Most studies of plant hybridisation are concerned with documenting its occurrence in different plant groups. Many flowering plants are polyploids and seeds developed from crosses between individuals of different ploidies usually show abnormal features and often abort. The success or failure of interploidy crosses is very important to understanding the evolution of plants as well as to agriculture, but much remains to be learned about the nature of hybridisation barriers. Several mechanisms have been proposed to explain postzygotic barriers, including negative interactions between diverged sequences, global genome rearrangements, and widespread epigenetic reprogramming. Some recent advances in our understanding of the process of hybridisation are derived from different experimental studies on a series of A. thaliana ecotypes. Crosses between diploid (2x) and tetraploid (4x) individuals of the same ecotype can result in F1 lethality, and this dosage-sensitive incompatibility plays a major role in polyploidy speciation research. We have performed interploidy crosses between different diploid maternal A. thaliana ecotypes and tetraploid paternal Col-0 ecotype and identified a genetic variation in F1 lethality. We also found that maternal parents of some ecotypes such as Tsu-1 suppressed the F1 lethality caused by paternal-excess interploidy cross of Col-0 ecotype. A preliminary mapping exercise produced advanced backcross populations that are suitable for mapping maternal modifiers and for the identification of modifier genes. Furthermore, we studied the killer effect caused by Col-0 and identified three additive QTL that affect the rate of postzygotic lethality in F1 during interploidy crosses. This information will facilitate the identification of paternal genes that cause F1 lethality and contribute to reproductive isolation.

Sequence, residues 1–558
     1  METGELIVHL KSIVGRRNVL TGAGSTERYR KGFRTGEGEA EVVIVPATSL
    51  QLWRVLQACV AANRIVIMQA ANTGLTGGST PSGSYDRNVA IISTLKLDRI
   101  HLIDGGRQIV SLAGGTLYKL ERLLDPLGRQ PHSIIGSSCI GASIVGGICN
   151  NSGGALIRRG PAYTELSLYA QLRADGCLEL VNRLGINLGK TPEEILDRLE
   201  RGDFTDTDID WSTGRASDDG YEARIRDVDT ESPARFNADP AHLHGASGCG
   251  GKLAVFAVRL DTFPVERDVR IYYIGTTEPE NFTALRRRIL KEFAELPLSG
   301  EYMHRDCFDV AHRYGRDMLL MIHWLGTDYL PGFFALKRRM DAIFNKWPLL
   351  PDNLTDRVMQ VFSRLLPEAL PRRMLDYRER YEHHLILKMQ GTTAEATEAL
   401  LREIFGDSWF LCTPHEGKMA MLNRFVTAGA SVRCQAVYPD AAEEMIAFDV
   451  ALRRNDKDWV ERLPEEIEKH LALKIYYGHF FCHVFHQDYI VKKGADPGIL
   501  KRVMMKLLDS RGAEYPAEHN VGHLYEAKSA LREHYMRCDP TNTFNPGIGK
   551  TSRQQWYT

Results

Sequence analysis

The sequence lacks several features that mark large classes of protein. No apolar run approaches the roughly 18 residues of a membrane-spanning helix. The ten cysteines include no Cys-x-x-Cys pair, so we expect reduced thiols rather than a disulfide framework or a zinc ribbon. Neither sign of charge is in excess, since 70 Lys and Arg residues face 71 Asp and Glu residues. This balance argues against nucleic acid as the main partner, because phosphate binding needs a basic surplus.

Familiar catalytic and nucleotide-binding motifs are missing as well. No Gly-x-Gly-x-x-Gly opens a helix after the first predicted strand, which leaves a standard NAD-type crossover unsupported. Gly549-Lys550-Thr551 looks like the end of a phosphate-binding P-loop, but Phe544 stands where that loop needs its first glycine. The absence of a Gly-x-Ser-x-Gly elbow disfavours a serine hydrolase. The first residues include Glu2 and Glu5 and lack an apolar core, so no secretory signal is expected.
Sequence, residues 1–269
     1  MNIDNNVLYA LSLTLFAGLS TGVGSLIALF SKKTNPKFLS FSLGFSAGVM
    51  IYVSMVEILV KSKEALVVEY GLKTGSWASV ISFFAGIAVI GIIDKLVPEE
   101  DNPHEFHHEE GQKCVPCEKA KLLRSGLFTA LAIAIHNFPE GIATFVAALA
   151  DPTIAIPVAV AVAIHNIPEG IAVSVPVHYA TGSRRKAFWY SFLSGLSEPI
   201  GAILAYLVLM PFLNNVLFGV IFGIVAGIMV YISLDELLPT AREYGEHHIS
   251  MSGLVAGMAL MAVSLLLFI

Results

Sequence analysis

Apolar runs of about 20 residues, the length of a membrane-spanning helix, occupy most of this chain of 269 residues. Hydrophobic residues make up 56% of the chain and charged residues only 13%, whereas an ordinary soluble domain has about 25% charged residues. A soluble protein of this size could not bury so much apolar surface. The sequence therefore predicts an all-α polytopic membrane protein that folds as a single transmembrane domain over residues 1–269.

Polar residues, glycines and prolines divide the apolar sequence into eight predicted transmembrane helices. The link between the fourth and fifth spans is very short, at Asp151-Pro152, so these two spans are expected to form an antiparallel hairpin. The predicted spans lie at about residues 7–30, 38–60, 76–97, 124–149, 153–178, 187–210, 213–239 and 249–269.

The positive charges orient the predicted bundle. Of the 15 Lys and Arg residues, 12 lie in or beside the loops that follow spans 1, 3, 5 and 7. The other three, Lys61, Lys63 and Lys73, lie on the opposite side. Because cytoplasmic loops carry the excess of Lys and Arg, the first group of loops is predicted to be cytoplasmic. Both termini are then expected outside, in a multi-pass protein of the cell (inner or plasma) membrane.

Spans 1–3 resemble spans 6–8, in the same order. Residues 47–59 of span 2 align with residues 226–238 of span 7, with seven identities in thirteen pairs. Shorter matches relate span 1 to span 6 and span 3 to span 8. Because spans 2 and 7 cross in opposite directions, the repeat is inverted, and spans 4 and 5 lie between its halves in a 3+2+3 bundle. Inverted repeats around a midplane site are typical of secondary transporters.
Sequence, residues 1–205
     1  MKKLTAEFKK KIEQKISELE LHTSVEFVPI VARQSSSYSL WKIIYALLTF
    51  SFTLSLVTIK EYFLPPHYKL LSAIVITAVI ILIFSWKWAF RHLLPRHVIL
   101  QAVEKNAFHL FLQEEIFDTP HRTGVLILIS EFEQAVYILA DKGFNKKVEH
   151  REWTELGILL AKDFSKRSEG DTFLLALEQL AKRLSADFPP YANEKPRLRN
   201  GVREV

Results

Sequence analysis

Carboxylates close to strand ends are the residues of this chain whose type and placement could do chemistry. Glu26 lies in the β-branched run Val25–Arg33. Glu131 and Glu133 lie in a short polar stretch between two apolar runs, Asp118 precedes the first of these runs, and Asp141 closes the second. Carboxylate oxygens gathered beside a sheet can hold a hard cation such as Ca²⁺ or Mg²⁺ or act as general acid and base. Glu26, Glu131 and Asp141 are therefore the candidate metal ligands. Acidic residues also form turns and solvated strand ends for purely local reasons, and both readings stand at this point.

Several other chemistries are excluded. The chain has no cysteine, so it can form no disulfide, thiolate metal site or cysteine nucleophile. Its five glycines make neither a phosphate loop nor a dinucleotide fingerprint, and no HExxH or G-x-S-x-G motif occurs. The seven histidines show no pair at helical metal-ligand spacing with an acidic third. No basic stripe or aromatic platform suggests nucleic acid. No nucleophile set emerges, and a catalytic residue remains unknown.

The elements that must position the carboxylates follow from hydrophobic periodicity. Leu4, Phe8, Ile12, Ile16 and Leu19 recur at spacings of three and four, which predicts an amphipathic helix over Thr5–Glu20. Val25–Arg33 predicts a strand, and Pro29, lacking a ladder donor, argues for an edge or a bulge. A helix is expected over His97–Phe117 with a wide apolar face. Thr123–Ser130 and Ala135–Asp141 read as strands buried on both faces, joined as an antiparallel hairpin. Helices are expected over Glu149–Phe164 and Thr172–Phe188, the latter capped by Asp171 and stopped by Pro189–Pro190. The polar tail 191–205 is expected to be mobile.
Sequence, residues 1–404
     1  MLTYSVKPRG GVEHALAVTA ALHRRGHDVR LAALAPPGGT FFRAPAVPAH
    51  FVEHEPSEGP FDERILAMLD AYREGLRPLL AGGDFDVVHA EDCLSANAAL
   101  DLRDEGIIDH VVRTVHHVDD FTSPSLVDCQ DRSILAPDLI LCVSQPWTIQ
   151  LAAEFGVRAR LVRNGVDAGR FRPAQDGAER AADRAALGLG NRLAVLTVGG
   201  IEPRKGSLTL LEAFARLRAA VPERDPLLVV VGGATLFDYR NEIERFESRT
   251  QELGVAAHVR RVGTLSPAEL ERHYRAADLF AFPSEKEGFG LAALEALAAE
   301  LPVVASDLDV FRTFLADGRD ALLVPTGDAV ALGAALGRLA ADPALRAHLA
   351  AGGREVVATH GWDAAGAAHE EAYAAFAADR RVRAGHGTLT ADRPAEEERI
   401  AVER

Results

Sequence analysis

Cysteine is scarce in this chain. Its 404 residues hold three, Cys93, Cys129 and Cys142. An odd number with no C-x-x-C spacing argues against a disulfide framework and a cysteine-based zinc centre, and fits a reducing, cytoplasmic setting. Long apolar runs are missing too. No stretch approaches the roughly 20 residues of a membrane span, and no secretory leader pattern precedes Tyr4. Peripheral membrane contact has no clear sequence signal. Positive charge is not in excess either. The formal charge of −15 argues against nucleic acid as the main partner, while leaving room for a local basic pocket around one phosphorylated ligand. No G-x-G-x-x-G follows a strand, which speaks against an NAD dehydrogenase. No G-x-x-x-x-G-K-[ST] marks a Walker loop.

The moa-1 (mosaic aneuploidy 1) mutant of A. thaliana was obtained in a screen of chemically (EMS) mutagenised seeds of Landsberg erecta (Ler). moa-1 has various phenotypic differences to wild type; the preliminary karyotype analysis showed that the cells of individual moa-1 mutant plants have a variable number of chromosomes (usually between 11-18). In contrast, the cells of wild type Arabidopsis plants and conventional aneuploids have a fixed number of chromosomes in each somatic cell. This data showed that all moa-1 plants have an abnormal number of chromosomes and thus they were termed as mosaic aneuploids.
|Date of Award||1 Oct 2010|
|Supervisor||Roderick Scott (Supervisor)|
- seeds size